46. Q: In a transaction where business assets are being transferred, not in the ordinary course of business, and where the seller is a non-resident, is the amount paid with the GIT/REP-1 non-resident declaration form, taken into consideration in determining the amount of escrow?

A. Yes, as long as the Bulk Sale Section caseworker is made aware of the separate gross income tax remittance.

47. Q: Is a seller/title owner who buys for investment purposes, rehabilitates property (not for rent) and then sells it subject to the bulk sale law?

A. If it is in the seller’s ordinary course of business to buy, rehabilitate and then sell properties (i.e. an activity that the seller does on a regular, as opposed to irregular, infrequent basis), then, generally speaking, these sales would not be subject to the reporting requirements of the bulk sale law. However, if in doubt, the buyer should file the C-9600 to obtain the protection against the potential of being liable for the seller’s tax liability.


48. Q: If the seller is a tax-exempt or non-profit organization, including but not limited to a church/synagogue/temple/mosque, and is selling its real property and/or tangible property not in the ordinary course of business, does the purchaser have to file a C-9600 form with the Division?

A: Yes. Even though the seller may be exempt from some Division taxes, it may still have certain tax obligations such as employee tax withholdings or sales tax obligations.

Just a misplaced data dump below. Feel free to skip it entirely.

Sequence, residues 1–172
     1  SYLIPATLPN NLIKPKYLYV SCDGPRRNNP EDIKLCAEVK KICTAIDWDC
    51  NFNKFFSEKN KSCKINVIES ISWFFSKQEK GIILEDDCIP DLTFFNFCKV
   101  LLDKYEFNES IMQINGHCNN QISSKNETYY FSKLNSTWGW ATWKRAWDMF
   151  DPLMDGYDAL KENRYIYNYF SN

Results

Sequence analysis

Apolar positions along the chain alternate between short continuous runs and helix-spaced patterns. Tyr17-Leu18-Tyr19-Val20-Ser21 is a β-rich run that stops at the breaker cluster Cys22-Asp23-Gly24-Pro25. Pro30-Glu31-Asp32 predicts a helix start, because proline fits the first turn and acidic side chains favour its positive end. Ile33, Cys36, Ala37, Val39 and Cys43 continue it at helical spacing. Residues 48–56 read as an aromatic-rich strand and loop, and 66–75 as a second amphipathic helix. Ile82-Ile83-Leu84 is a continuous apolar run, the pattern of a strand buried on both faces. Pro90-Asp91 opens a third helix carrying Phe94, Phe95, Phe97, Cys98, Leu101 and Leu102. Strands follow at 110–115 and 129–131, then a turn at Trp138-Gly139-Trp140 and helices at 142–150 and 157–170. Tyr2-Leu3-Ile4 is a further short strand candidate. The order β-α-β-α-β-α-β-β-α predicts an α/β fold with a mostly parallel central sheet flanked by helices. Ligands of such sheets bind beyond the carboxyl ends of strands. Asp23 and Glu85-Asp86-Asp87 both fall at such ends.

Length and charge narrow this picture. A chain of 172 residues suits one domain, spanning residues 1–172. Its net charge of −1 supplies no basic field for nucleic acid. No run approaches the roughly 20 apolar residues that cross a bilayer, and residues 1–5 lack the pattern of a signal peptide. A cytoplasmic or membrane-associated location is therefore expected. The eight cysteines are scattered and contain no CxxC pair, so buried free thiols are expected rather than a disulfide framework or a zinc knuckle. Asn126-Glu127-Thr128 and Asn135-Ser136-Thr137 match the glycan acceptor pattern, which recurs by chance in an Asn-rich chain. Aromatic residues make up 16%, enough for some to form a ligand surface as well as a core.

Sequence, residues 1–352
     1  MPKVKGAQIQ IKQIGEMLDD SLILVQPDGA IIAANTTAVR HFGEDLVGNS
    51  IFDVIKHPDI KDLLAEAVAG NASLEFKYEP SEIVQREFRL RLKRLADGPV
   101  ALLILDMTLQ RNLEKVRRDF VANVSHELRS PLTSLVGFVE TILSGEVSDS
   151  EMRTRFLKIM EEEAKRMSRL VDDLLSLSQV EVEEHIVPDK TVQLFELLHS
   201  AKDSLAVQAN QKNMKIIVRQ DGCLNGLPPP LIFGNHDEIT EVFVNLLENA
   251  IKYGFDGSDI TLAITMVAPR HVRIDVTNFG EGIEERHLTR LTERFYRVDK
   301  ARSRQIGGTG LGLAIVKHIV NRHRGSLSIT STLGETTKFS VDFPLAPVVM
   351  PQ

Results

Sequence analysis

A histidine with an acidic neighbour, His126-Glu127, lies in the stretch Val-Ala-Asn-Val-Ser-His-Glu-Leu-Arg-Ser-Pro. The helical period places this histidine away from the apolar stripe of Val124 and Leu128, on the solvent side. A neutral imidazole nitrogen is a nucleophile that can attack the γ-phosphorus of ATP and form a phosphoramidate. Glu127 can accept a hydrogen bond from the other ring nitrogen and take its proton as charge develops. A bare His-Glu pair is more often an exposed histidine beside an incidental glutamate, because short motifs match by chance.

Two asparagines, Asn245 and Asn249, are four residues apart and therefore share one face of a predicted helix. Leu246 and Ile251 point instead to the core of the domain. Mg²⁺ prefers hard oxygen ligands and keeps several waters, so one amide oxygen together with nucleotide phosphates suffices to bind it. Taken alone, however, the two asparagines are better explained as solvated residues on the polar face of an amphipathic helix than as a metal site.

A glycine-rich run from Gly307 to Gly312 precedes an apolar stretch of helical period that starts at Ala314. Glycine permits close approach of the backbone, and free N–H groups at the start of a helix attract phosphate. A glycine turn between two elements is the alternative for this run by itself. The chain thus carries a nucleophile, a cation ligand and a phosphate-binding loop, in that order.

49. Q: In a bulk sale transaction, if taxes are not ordinarily due until the following year, are the returns included in the escrow amount?

A: Yes. The escrow will be calculated to include all taxes that are due and those that would become due as a consequence of the sale.

50. Q: Where can you find other information about the administration of the bulk sale law by the Division?

A: Other information and guidelines may be found in Technical Bulletin 60-R.

51. Q: Who is an authorized agent for the buyer or seller?

A: Their attorney.  Any other representative (i.e. Realtor, CPA, Title Agency) must provide an M-5008-R signed by the buyer or seller.

52. Q: How can the Division be contacted for further information about the bulk sale law and its implementation?

A. Written inquiries should be submitted to the Division to: Bulk Sales Unit, New Jersey Division of Taxation, P.O. Box 245, Trenton, New Jersey 08695-0245. Phone inquiries may be made to (609) 292-6604 with a request to speak to an employee from the Bulk Sales Unit.

Last Updated: Wednesday, 08/20/14